The Richardsons purchased “Erinville”, and lived thereuntil 1940, when Nurse Edwards moved in, and leased“Erinville” for 10 years from the Richardson family,renaming the house “Puriri Home”. Unfortunately,according to Lorna Gagen, Nurse Edwards died beforeher lease was up, c.1946.
Before Nurse Edwards moved to Roberton Road, herbase was at 1798 Great North Road, another housewhich still remains to this day. Alice Edwards wasAvondale’s longest-serving maternity nurse, workingmore than twenty years.
Of course there was the stop at Fearons butcher to pick up the weekend roast.
Must not forget Crawford’s ga-rage where we would stop to pump up our bicycle tires.
When we turned eight years old we could join the Wolf Cubs meeting at the Waterview Methodist Church Hallunder the leadership of Mrs Tatton and Miss Kerr. Thehighlight was the annual weekend camp out at MotuMoana, Green Bay. Then when we were old enough wecould move up into the Scouts. Again the highlight wasto be able to spend every Easter and Labour weekendcamping at the Scouting campsite Motu Moana.
We would fetch our 10x10 tents and settle n for theweekend. Sleeping was on a groundsheet on theground. No inflatable mattresses. Cooking over an openfire which was a challenge in wet weather. Then therewere the bottle drives and paper drives to help raisemoney to purchase tents and equipment. Mums andDads would help as the boys went house to house col-lecting the bottles and newspapers.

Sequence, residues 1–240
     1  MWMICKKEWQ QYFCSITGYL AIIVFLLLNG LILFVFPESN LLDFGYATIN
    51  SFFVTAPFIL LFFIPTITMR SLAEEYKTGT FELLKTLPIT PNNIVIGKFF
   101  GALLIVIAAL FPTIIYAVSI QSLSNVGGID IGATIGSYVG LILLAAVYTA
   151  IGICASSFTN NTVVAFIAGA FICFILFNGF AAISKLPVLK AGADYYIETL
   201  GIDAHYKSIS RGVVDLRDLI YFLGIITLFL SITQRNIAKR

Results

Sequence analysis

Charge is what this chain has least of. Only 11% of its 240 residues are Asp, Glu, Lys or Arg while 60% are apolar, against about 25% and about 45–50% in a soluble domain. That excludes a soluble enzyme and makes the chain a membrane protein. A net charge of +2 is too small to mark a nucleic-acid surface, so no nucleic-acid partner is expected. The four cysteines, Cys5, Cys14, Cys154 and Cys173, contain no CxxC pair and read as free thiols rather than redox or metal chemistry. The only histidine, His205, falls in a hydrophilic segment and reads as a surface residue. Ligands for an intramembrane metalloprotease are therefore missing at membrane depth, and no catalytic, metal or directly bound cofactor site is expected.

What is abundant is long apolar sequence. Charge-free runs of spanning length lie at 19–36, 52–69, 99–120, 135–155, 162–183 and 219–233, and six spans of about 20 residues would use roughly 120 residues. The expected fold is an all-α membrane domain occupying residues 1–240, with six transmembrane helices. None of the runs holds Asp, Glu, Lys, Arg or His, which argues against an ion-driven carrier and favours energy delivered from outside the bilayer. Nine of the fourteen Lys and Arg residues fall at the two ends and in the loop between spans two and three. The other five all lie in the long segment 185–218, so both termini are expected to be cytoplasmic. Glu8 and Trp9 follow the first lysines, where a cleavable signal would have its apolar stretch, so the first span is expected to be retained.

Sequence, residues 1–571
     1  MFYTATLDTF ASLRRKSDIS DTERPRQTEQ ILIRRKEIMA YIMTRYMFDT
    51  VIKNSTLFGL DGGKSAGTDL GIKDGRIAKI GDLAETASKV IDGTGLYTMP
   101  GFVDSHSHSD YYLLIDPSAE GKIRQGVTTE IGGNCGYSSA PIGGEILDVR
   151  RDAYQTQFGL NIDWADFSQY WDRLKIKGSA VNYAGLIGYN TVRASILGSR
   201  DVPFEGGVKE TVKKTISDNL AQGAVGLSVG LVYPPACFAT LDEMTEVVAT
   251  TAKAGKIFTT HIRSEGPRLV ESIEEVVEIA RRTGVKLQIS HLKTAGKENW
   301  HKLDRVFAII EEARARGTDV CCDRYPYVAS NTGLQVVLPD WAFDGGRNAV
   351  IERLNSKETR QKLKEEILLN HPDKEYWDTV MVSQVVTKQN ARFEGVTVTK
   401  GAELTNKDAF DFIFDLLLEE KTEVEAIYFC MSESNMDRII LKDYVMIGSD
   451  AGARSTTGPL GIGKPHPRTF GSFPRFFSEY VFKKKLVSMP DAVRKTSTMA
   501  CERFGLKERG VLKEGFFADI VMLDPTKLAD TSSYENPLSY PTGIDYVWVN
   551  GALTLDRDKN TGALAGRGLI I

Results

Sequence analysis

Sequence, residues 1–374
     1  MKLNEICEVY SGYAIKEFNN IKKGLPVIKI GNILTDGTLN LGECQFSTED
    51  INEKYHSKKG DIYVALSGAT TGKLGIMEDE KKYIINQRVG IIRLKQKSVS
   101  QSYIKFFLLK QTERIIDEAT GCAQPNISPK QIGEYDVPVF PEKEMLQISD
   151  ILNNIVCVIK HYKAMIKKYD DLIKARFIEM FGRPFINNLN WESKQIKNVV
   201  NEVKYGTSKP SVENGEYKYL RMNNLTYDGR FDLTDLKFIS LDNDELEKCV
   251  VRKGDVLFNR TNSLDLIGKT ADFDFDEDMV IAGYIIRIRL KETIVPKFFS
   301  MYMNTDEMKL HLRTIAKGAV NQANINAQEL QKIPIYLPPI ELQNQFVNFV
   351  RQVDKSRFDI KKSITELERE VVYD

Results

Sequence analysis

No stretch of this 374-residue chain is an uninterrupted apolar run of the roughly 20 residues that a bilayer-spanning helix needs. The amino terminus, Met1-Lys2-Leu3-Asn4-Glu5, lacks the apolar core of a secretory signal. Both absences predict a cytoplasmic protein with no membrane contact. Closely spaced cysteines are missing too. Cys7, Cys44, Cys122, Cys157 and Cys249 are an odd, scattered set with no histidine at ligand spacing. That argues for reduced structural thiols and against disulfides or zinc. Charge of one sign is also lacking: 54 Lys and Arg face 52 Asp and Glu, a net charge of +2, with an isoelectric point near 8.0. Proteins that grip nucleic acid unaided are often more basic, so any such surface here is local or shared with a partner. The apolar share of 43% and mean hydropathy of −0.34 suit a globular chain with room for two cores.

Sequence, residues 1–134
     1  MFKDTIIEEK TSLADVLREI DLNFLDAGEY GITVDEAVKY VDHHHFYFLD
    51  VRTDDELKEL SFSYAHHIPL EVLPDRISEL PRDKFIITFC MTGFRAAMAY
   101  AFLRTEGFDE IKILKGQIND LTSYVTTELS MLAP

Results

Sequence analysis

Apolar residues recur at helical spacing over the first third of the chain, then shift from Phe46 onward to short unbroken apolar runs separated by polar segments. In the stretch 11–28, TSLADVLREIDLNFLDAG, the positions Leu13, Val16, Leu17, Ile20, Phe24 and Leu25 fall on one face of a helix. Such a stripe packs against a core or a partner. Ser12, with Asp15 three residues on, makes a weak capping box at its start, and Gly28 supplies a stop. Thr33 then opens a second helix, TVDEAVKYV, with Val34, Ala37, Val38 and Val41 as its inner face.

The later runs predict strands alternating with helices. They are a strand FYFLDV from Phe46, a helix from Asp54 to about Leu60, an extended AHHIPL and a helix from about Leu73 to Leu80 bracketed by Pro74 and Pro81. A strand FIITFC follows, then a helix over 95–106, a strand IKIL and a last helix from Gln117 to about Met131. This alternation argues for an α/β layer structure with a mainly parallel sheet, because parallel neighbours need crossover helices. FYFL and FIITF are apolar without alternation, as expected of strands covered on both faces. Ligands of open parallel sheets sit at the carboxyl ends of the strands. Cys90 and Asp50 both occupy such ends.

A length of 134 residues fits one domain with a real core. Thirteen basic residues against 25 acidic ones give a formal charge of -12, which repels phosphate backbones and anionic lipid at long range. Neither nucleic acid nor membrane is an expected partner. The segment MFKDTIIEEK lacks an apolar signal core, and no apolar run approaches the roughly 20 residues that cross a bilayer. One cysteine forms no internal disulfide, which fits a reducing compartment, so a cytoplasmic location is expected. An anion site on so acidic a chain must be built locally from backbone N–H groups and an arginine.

During the war years we also spent many hours makingcamouflage nets for the Army. Also scouring the coun-tryside gathering the seeds of the fescue grass to beused for medical work.Then came the day we could no longer use the Water-view Methodist Hall so the Scouts moved to the oldAvondale fire station on Blockhouse Bay Road by therailway line opposite Avondale railway station.I did not get to go to Avondale College as I was alreadyat Seddon Memorial Tech but as I delivered newspa-pers after school I saw the start of its construction as arest over recreation facility for the American forcesfighting in the Pacific. When the market gardeners hadto move off the land they had to leave their crops. Sobefore the bulldozers got started many of theneighbours helped themselves to the vegetables. I canremember going home with the store bag on my bikefull of carrots, parsnips etc.Many a time as I come back from my paper run, and asI passed the American Camp entrance on Victor Streetsome American servicemen would ask if I would go tothe shops in Avondale for some item he wanted. Wasalways rewarded with a generous tip for the effort.Avondale races was a profitable day for us kids aswhen the race meeting finished we would collect up theempty beer and drink bottles as we could sell them for apenny each. Every 24 bottles gave us two shillingswhich was a lot in those days.
Ice blocks were two a penny at Knight’s Dairy at thetop of Victor Street. All hand made on the premises.
Those were the days.